Hold my hand.


            Deliver me from despair.


            Touch with Your flame the lightless lamp of

              my sorrow.


            Waken my tired strength from its sleep.


            Do not let me linger behind counting my losses.


            Let the road sing to me of the house at every step. 


            For the night is dark, and Your pilgrim is blinded.


            Hold my hand.



Prayer of Gratitude [9]

Rosh Hashanah Days of Awe


We thank You and tell the tale of Your praise:

Your power in our lives,

Your caring for our souls,

the constant miracle of Your kindness.


Morning, noon, and night

We call You Goodness—for your compassion never ends,

We call You Mercy—for your love has no limits;

We call You Hope, now and for all time.


Rosh Hashanah Days of Awe


Our memory fades,

but You remember all that we have forgotten.


Your Presence is a throne where all things matter

And nothing is lost.


Blessed are you, Adonai


God My Hope

Rosh Hashanah Days of Awe


And after all shall fade away, 

alone our God of Awe remains;

You were, You are, shall always be; 

Your presence shines; Your glory reigns.


My living God, my Rock, my Help,

in times of grief I seek Your face;

my sign of hope, my cup of life—

my prayer reveals Your sheltering place.


My soul entrusted to Your care,

both when I sleep and when I rise.

My body, too, will rest in You.

I have no fear—for God is mine.


Julian of Norwich, 1342-after 1416 [10]


Christian Mystic


For unending joy is it that God, our protector here,

Will be our bliss hereafter.

God is our way, our destination in true love

And surest trust.

So let us fly to the Lord,

so that we may be comforted;

touch him so that we might be cleansed;

Cling to him so that we might be safe from every danger…


Courteous God,

Be the foundation of my being.

May I sit in you in true rest,

Stand in you in sure strength,

And be rooted in you in endless love.

Reveal yourself more to me

So that I may know my true nature better

And act as I truly am.

Autumn Sonnets (excerpt 2) [11]

May Sarton 1930-1993


If I can let you go as trees let go 
Their leaves, so casually, one by one; 
If I can come to know what they do know, 
That fall is the release, the consummation,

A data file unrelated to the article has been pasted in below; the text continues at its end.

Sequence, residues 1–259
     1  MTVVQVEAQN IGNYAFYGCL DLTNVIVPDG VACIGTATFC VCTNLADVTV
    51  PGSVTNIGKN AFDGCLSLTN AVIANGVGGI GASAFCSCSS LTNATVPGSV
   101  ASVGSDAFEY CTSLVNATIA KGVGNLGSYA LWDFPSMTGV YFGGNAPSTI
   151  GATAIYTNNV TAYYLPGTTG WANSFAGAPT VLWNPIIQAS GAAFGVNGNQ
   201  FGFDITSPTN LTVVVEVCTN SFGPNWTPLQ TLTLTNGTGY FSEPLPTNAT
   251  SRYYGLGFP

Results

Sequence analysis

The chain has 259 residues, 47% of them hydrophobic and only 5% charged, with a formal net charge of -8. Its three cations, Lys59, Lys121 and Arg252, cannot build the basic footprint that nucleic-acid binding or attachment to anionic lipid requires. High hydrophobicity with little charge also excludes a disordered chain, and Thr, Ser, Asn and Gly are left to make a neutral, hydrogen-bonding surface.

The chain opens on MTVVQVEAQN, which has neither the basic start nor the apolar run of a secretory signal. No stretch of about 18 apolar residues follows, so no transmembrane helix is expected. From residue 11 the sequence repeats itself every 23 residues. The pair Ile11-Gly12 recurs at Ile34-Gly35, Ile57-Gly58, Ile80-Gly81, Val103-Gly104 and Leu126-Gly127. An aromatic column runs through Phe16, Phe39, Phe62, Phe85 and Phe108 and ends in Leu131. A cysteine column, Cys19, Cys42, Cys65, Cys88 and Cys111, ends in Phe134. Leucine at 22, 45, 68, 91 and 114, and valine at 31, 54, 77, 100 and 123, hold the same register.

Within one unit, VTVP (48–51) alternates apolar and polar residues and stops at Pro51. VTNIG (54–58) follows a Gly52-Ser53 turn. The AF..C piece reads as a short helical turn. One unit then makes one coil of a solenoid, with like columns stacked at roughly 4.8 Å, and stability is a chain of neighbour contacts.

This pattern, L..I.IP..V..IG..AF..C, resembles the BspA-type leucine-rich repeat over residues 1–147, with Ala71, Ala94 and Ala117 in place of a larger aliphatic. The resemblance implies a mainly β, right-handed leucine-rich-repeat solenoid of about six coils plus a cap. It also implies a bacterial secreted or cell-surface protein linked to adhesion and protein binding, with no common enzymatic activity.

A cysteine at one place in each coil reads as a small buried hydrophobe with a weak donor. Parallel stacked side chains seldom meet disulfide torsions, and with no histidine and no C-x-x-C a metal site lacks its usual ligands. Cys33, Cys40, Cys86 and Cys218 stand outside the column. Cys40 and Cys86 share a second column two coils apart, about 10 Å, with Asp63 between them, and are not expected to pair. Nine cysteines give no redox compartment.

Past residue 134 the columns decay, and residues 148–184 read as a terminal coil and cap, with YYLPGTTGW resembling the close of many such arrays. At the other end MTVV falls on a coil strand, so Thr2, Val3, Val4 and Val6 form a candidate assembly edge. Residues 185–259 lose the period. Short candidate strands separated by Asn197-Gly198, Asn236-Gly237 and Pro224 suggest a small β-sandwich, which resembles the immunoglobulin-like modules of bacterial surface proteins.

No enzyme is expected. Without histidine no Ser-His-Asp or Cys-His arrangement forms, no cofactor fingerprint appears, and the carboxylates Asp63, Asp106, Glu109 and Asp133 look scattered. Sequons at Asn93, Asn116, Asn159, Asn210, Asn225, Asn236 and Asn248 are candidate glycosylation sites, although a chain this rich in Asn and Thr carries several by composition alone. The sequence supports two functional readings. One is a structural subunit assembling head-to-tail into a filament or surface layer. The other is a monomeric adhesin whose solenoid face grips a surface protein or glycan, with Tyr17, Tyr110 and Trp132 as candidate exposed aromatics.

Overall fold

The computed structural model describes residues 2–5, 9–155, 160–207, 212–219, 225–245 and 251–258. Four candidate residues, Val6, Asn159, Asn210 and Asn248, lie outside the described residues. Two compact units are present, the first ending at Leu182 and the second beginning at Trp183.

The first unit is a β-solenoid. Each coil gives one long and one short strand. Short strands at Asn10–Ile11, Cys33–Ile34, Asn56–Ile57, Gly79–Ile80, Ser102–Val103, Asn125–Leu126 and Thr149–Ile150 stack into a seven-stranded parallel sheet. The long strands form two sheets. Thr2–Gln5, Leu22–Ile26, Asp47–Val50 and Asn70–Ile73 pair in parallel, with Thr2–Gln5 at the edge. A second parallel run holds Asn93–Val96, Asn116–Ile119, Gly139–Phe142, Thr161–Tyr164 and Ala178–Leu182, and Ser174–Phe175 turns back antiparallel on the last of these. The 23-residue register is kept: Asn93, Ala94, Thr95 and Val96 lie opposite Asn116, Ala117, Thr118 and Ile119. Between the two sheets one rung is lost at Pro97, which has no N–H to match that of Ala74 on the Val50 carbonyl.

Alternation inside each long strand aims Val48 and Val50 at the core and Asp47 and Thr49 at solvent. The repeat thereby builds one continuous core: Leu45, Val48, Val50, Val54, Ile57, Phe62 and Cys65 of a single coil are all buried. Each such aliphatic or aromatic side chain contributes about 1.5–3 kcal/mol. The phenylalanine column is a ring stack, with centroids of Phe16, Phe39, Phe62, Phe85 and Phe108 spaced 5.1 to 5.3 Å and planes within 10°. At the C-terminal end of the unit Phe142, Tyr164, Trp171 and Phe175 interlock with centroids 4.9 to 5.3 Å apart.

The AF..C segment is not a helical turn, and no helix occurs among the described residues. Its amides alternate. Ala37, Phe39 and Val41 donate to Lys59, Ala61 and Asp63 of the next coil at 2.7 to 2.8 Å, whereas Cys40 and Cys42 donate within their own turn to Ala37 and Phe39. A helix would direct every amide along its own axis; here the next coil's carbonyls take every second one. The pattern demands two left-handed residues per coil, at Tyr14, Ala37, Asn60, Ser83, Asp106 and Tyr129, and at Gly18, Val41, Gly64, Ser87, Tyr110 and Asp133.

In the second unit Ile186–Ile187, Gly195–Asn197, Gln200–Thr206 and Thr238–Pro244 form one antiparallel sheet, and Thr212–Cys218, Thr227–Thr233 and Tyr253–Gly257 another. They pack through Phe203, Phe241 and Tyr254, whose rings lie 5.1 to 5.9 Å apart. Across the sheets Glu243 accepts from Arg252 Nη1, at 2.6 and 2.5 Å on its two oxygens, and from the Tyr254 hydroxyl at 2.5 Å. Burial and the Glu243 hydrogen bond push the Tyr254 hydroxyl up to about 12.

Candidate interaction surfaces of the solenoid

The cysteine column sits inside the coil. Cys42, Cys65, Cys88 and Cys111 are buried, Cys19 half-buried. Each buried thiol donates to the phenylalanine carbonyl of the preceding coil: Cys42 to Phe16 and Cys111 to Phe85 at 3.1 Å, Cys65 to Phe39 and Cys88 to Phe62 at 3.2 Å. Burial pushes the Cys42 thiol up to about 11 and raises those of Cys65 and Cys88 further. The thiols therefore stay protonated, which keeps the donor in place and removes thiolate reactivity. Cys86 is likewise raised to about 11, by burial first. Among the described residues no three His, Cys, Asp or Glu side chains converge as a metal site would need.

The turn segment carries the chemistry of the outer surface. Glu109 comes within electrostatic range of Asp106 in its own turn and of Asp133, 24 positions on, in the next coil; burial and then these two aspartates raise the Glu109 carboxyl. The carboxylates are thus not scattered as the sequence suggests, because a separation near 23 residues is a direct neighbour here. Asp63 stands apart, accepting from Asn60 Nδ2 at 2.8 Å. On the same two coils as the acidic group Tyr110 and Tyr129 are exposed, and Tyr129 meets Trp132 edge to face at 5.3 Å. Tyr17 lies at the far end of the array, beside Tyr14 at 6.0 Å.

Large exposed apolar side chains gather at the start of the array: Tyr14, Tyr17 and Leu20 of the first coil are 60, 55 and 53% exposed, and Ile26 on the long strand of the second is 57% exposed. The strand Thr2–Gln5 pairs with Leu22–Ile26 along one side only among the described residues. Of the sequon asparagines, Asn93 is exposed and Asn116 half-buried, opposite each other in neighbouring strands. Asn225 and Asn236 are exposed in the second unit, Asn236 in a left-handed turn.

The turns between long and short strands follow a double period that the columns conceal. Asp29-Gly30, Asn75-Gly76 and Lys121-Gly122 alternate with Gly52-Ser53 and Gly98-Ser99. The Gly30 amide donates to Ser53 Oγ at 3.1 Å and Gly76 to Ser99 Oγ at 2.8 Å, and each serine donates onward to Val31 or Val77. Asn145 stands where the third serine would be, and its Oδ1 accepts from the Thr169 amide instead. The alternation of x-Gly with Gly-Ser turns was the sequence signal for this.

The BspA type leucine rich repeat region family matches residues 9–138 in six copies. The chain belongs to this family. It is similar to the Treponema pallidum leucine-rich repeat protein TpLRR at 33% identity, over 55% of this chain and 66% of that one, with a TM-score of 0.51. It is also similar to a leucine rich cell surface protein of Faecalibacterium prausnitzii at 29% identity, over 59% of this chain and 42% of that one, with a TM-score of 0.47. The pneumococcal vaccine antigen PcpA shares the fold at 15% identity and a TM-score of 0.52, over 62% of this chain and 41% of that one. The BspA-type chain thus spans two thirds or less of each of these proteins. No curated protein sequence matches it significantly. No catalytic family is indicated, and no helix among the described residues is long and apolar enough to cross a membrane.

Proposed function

Then fear of time and the uncertain fruit 
Would not distemper the great lucid skies 
This strangest autumn, mellow and acute. 
If I can take the dark with open eyes 
And call it seasonal, not harsh or strange 
(For love itself may need a time of sleep), 
And, treelike, stand unmoved before the change, 
Lose what I lose to keep what I can keep, 
The strong root still alive under the snow, 
Love will endure - if I can let you go. 



[1] Tagore, Verse 61, 1913

[2] Thoughts in Solitude, Thomas Merton, Farrar, Straus and Giroux, 1999

[3] Let Nothing Disturb You: Teresa of Avila, John Kirvan, Ave Maria Press,IN 2004

[4] The Poems of St. John of the Cross, Trans. John Frederick Nims, Univ of Chicago Press, 1989

[5] Spiritual Exercises of St. Ignatius of

[6] Used by permission of the author

[7] Rabbi Naomi Levy, Talking to God, Doubleday, NY,NY 2003

[8] Tagore, The Heart of God, pp 10, Ed Herbert F. Vetter, Tuttle Pub., Vermont, 1997

[9] Excerpt from Mishkan HaNefesh: Machzor for the Days of Awe, Rosh HaShanah, copyright © 2015 by Central Conference of American Rabbis. Used by permission of Central Conference of American Rabbis, pages 210, 267, 298.  All rights reserved. Not to be distributed, sold or copied without express written permission. Note: These prayers have been categorized into subtitles, Gratitude, Memory & Hope, by Joan Englander.  


[10] Julian of Norwich, All Will Be Well, 30 Days with a Great Spiritual Teacher, Notre Dame, Indiana, Ave Maria Press, 2003

[11] May Sarton, A Durable Fire, Autumn Sonnets, pp 43, 2nd section, WW Norton, NY, NY 1972